WASHINGTON – President Joe Biden lauded the CIA as the “bedrock of our national security” during a Friday visit to the agency, which also is part of the wide-ranging intelligence effort to support Ukraine's resistance against Russia.
Biden marked the 75th anniversary of the agency's founding after World War II. While at the headquarters in Virginia, he thanked the CIA for its work in Ukraine and called America's intelligence officers “the best in the world.”
Predictions that Russia would invade Ukraine in February provided a public boost for spy agencies that are often criticized and facing new pressure to deliver insights on China and Russia. Biden authorized an unprecedented campaign to declassify findings that have been credited with helping build support for severe Russia sanctions and the ramp-up of military support to Kyiv.
“It was thanks to the incredible work of our intelligence professionals that we were able to inform the world what Vladimir Putin was planning in Ukraine,” Biden told the audience while standing in front of the agency's memorial wall.
Biden came to the White House with a long history of receiving intelligence briefings, having served eight years as vice president and 36 years as a senator from Delaware, where he led the Senate Foreign Relations Committee and served on the Intelligence Committee when it was first created in the 1970s. The thing he missed most after leaving the vice presidency, he said, was reading the President’s Daily Brief, the compilation of the intelligence community’s top collection and analysis.
“I’ve been involved with your agency for not 75 years, but — I hate to admit it — 52 years,” Biden said to laughs from the officers gathered. “It’s very hard to say.”
Biden has reestablished a more traditional relationship with the CIA and other agencies after former President Donald Trump repeatedly cast doubt on intelligence findings and attacked what he alleged was a “deep state” of opponents.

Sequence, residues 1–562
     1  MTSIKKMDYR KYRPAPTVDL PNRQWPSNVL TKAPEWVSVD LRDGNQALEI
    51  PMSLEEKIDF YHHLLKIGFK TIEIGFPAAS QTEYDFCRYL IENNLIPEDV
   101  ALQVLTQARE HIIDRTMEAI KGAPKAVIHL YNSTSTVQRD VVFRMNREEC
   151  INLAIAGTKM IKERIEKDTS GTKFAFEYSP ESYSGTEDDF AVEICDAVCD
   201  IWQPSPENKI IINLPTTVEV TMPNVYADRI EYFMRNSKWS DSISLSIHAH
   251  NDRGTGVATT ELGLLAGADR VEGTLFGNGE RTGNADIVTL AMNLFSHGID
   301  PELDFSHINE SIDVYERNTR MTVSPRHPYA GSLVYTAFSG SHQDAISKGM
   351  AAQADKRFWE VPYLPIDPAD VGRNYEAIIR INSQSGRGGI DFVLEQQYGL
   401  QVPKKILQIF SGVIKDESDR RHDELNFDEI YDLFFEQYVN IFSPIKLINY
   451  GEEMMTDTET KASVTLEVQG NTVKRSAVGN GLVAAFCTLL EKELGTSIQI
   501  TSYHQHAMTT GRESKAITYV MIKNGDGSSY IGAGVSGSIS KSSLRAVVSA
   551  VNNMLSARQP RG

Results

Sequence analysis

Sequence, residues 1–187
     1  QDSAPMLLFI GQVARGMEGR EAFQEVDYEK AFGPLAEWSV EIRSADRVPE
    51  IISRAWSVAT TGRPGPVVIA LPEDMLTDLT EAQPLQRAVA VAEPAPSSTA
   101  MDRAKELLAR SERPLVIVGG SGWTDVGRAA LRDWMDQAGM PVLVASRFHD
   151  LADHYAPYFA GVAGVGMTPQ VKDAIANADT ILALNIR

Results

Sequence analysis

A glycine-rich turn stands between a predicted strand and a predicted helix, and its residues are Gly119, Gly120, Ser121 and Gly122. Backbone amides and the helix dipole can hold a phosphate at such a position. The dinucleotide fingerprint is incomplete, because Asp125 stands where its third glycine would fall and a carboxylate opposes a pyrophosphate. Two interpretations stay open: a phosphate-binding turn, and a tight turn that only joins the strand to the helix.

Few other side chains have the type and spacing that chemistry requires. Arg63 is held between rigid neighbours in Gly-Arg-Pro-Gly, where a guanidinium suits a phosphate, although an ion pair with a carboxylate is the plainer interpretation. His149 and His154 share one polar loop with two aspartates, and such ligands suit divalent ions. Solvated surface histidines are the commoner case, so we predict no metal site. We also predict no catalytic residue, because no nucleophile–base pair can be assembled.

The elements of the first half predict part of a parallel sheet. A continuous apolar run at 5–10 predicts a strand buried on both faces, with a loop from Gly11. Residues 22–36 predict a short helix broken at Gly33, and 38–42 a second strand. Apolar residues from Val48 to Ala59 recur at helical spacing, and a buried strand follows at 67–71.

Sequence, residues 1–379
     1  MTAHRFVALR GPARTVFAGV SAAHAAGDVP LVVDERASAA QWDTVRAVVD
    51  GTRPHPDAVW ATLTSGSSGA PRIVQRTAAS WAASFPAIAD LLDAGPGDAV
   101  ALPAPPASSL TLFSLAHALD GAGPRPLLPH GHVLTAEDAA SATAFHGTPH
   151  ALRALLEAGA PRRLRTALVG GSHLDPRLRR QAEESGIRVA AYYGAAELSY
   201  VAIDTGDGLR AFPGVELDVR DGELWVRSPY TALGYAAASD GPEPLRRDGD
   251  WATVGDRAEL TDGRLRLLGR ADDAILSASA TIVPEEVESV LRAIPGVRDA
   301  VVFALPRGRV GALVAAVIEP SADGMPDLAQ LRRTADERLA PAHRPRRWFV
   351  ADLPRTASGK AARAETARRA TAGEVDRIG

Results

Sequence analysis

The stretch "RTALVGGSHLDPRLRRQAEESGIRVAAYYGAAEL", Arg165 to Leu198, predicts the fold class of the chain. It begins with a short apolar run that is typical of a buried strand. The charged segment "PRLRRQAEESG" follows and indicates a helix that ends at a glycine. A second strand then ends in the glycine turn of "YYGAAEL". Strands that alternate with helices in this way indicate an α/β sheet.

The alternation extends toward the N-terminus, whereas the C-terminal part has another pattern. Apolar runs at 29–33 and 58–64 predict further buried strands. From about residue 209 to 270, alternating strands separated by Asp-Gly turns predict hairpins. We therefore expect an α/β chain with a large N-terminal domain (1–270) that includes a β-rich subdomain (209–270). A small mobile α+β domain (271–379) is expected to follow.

Still, there were tensions last year concerning Afghanistan, with finger-pointing across the government during the fall of the American-backed government as the Taliban overran Kabul. Current and former intelligence officials worked frantically to evacuate Afghans who had helped the U.S. during the two-decade war.
Douglas London, a former CIA officer who has criticized the agency's direction in recent years, said the Russia-Ukraine war has shown the CIA is on its way to becoming “an elite spy service again.”
“Its path to redemption has really been facilitated by Ukraine,” said London, author of “The Recruiter: Spying and the Lost Art of American Intelligence.”
Still, the U.S. intelligence community underestimated Ukraine’s ability to resist the Russian invasion and wrongly predicted Ukrainian President Volodymyr Zelenskyy’s government would fall within weeks.
The agencies are reviewing how they assess a foreign government's perceived “will to fight” — an issue the U.S. also misjudged in Afghanistan last year when it believed President Ashraf Ghani's government would hold out for months, only for Ghani to flee and the Taliban to take Kabul as the U.S. was trying to evacuate.
Sen. Angus King, a Maine independent who sits on the Senate Intelligence and Armed Services committees, said he's pushed intelligence officials to review why there were “two significant breakdowns in a year.”
“The quality of the intelligence pre-invasion was excellent and absolutely world-class,” King said in a recent interview. “The problem was the assessment of what would happen after the invasion.”
Most of the intelligence community's work since the war began has been kept secret. U.S. officials have disclosed that it is providing Ukraine with information that Ukrainian forces have in turn used to hit high-value Russian targets, including the flagship Moskva.
The White House has tried to tamp down suggestions that the U.S. is directly helping Ukraine attack Russia out of concern that Putin may see those suggestions as escalations. Biden has said he wants to avoid a “third world war.”
As Ukraine repelled Russian forces in the first weeks of the war, and under pressure from lawmakers in Washington, the Biden administration loosened its rules on sharing intelligence and is now providing more information to the Ukrainians. It has also committed $7 billion in weapons systems, ammunition and other military aid since the war began.
Ukrainian officials and observers say Ukraine still is vastly outgunned by Russia in what's become a grinding war of attrition heavily reliant on artillery fire. Putin is believed by U.S. intelligence to have not given up on his initial aims to “neutralize” Ukraine in his eyes.
The U.S. also is involved in shoring up the cyber defenses of Ukraine and other allies against Russia's capabilities to hack and steal from digital systems. And agencies are on watch for election influence or interference from Russia amid expectations that Putin may use U.S. support for Ukraine as justification for another campaign against an American election.
“Ultimately, the U.S. calculus is this: We want to do everything we can to support the Ukrainians while avoiding a direct conflict with the Russians,” said Dale Buckner, a retired U.S. Army Green Beret who now leads the security firm Global Guardian.